Harding's Provitt wins 200

His brother, J'Abneb, finished sixth and both placed in the 100 meter dash.
COLUMBUS -- Warren Harding High senior Benja'Lan Provitt entered the blocks before Saturday's 200-meter dash carrying the disappointment of last season, the frustration of his earlier third-place finish in the 100, the hopes of the Raider faithful and the realization that two years of hard work would come down to a 20-second race.
That's a lot to carry. Fortunately, he's got big shoulders.
Provitt finished first in the event at the Division I state meet at Jesse Owens Stadium, capturing the school's first state title since the Raiders' football team in 1990.
"I wanted it real bad and I was determined to get it," said Provitt, who will run at the University of Akron next year. "It was a lot of hard work and it paid off."
His time of 21.52 was just one-hundredth of a second off the winning time of last year (21.51), run by Cleveland Glenville's Ted Ginn, Jr.
"I just tried to get out on the turn and run my hardest," Benja'Lan said. "I wanted to win."
His brother, junior J'Abneb Provitt, placed sixth in both the 100 and 200 after failing to qualifying for the state meet in either event last year.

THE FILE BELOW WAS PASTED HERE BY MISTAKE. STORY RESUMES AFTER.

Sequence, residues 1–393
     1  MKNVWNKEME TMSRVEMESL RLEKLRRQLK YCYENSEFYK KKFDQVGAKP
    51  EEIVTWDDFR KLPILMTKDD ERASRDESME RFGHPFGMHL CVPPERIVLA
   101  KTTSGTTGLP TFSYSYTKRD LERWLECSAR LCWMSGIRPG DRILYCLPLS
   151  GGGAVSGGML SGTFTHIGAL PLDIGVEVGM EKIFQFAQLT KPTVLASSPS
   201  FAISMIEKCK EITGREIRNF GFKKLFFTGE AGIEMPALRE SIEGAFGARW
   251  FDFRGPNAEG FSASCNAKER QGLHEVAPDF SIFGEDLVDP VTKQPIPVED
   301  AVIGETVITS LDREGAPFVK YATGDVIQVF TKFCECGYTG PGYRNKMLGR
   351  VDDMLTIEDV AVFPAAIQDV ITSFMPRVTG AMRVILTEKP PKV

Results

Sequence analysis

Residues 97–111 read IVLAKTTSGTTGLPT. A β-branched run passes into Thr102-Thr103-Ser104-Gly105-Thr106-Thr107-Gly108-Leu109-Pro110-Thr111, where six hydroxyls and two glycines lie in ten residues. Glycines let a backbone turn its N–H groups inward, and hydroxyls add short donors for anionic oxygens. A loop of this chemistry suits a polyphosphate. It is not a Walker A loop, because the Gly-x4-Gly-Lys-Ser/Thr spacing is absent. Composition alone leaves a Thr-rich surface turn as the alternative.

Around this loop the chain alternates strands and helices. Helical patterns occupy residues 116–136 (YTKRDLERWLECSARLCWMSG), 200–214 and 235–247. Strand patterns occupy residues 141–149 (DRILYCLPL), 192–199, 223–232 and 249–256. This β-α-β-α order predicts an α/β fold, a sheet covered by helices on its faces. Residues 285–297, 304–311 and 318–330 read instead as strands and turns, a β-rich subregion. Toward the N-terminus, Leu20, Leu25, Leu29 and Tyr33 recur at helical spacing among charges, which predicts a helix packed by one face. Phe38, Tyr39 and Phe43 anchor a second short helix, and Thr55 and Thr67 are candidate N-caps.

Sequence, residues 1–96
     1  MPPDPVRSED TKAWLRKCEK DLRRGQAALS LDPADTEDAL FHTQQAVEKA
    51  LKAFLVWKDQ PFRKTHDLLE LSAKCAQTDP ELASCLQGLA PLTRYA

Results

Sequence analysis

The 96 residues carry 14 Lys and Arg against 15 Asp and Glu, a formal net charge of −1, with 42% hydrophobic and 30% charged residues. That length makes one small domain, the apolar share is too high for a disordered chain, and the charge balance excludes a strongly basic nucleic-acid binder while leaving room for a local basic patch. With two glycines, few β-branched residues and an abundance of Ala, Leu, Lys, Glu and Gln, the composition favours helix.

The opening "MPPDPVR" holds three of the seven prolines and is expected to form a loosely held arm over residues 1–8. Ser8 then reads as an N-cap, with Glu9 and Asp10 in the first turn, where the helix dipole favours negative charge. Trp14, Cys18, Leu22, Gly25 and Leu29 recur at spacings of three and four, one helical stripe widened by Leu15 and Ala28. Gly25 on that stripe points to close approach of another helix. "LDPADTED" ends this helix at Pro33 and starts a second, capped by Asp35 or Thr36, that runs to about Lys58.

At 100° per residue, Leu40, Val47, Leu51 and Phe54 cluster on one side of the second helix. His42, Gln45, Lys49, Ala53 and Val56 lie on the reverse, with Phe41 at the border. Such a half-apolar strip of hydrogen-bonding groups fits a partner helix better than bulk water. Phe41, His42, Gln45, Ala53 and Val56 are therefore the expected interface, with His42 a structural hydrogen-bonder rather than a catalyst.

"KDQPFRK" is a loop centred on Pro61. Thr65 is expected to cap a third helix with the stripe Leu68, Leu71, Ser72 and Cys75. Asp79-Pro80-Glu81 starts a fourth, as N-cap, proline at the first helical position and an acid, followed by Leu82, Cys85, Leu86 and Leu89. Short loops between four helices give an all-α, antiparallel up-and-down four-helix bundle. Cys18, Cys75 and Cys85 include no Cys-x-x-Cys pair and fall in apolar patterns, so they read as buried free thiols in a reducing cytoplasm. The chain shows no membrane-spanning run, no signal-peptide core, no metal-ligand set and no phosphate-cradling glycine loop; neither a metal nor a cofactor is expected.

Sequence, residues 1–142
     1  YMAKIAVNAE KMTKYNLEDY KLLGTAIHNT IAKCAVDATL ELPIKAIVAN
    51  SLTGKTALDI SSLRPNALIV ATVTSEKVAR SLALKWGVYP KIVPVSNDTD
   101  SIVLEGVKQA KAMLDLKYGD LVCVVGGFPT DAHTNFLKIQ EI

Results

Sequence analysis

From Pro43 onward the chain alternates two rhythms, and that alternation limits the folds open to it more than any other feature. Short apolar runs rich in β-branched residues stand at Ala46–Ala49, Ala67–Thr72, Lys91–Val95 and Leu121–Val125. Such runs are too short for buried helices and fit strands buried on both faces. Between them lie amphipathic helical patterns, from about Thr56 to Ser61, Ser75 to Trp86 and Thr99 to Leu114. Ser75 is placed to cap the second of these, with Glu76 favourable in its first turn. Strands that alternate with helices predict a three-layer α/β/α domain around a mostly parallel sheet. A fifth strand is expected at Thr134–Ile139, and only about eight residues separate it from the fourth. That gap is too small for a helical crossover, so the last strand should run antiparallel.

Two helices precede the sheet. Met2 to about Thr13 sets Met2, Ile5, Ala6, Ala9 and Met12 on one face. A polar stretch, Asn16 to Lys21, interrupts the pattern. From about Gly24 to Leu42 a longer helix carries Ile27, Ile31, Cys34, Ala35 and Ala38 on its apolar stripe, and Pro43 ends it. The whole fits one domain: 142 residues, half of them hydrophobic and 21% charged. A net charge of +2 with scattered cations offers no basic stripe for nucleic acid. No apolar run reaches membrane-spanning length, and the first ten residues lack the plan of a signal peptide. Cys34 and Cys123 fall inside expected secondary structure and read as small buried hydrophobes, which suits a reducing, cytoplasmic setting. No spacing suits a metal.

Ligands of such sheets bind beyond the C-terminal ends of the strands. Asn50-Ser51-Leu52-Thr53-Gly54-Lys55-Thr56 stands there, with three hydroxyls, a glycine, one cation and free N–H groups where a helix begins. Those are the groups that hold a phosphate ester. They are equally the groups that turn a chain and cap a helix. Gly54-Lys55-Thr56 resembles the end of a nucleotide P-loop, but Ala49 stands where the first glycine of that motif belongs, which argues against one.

"It feels good, especially after not making it last year," said J'Abneb. "It's good to come and place. I'm a little disappointed, but next year will be the year. It's gotta be the year."
Had extra motivation
Benja'Lan qualified in the 200 last year, but failed to make it to the finals, giving him extra motivation for this season.
"I thought about that a lot," he said. "This is a big relief."
Earlier in the day, he placed third in the 100, which would have been a good finish for most people. Not Benja'Lan.
"You always want to get first," he said.
And while J'Abneb would have liked to finish higher, he was happy to see his brother at the top of the podium.
"It's real good," J'Abneb said. "He's a great athlete and I'm going to miss him next year. I'm just going to try and finish where he left off."
The Raiders, district champions in 2004, would also like for people to mention their track program in the same breath as the football and basketball teams.
"We're trying to put track back on the map," J'Abneb said. "We want people to recognize a sport other than just football and basketball."

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